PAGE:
More Good News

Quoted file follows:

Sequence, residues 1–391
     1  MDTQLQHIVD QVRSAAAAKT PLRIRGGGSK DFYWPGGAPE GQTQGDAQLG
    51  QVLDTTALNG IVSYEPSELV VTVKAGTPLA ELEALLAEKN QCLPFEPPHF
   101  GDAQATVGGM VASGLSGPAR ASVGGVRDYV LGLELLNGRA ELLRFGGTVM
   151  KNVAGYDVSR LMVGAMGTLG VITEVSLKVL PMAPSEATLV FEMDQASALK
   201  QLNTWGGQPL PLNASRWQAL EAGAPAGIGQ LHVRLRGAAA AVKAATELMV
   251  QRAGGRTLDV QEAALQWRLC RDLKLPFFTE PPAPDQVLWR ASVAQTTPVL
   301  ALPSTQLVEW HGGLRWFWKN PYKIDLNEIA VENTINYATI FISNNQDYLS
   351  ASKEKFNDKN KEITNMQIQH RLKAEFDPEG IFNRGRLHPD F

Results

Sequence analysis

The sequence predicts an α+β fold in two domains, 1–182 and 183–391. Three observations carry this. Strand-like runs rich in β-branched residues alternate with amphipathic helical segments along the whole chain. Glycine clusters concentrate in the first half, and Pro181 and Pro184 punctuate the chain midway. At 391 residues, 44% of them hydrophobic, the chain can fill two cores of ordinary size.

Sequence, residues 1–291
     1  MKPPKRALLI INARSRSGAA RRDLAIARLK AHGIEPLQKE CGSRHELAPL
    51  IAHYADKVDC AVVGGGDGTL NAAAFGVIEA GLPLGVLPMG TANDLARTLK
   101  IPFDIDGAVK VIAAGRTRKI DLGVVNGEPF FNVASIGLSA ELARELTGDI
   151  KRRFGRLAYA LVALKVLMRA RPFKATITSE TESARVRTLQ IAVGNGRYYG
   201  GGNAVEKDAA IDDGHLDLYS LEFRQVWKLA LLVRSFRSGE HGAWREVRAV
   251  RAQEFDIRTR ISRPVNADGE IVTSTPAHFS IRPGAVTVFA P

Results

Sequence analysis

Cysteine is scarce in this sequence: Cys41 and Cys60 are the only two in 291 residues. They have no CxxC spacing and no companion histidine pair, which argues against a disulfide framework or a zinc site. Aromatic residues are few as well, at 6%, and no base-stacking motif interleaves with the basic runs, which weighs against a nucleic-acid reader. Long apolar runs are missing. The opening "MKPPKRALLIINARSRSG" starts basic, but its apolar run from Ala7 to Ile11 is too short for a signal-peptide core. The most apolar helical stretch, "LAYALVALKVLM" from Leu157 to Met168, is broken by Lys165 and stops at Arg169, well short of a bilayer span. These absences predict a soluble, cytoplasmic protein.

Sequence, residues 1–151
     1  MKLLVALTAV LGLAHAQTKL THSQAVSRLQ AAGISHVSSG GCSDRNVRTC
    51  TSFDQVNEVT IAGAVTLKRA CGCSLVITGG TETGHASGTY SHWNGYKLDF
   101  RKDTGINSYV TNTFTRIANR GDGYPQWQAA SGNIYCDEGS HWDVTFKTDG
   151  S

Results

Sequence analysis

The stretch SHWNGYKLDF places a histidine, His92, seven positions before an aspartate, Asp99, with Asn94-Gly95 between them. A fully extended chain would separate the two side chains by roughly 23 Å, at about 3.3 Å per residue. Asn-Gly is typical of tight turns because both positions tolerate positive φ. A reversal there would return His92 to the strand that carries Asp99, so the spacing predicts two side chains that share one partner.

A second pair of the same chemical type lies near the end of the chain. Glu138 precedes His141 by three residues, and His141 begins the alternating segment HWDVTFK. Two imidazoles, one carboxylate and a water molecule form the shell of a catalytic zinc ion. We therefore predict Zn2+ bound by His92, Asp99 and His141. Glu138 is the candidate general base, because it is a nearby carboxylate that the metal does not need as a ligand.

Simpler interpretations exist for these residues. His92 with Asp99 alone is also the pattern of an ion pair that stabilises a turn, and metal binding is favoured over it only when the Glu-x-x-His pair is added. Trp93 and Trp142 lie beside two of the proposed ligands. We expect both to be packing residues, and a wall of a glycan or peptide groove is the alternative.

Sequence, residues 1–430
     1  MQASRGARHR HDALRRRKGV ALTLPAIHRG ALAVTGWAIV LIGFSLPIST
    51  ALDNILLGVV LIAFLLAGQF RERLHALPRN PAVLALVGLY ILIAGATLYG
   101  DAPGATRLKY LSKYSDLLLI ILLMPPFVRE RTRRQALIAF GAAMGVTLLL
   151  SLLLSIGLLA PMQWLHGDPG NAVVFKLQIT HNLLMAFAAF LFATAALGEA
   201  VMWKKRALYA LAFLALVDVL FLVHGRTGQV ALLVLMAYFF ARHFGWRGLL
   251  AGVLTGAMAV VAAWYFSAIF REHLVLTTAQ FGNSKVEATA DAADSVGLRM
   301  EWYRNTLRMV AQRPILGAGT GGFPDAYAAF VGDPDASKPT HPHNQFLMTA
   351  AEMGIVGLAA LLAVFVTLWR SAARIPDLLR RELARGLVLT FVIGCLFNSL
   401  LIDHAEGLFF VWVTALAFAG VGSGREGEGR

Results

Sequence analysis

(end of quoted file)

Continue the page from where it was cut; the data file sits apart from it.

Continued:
What a great summer.  Alex has been at "summer camp" Mondays through Thursdays since June.  I was worried because there is no assistant, but it is the preschool program he attended for a year, and his teacher is still there.  She and the rest of the staff assured me they could handle him, and boy were they right.  He has been coming home and teaching me new games and new songs.  I have learned all about Toilet Tag and Fishy Fishy Cross My Ocean, as well as Flag Flag Firecracker.  He is doing all the things this summer of six that I hoped he would be doing back in his five year old pre-school year.  He is interacting with kids, following complicated verbal directions from teachers, coming up with new and interesting things to say and do, and generally being a kid in a pre-school program.  He does not have bad behaviors because he does not understand and cannot communicate in the typical way.  No more rolling on peers as a way to interact, or pulling hair as a worse way to interact.  No more blank stares when asked what he did that day.  He does not need someone to sit right next to him to keep him on task, or even remaining in the circle.  He does still flap his hands when excited, and talk in a mostly routine way about the things He wants to talk about (storms, tornados, lightening, and red lights), but he is willing to change the subject when led that way.  And he is happy.  Truly happy, smiling, and having fun.  He even teases the teachers a little.  We still need to work on in- depth interaction with peers, but it is good enough for the moment that he is all about the games, and songs, and even art projects.  Plus they hike to about two playgrounds a day and sometimes even get to take the bus to outdoor kid shows.  He has embraced it all.  I know we will continue to have attention problems once it is school work mixed in with the fun, but I don't really care.  We'll get there, and I am a very happy camper.  I felt guilty about having him gone so much, but I knew I could not give him the consistent kid exposure and routine he needed.  Plus we have had marvelous adventures Friday - Sunday, with swimming, kayaking, travel, and just swinging in the yard.  Ahhhhh, sweet summer.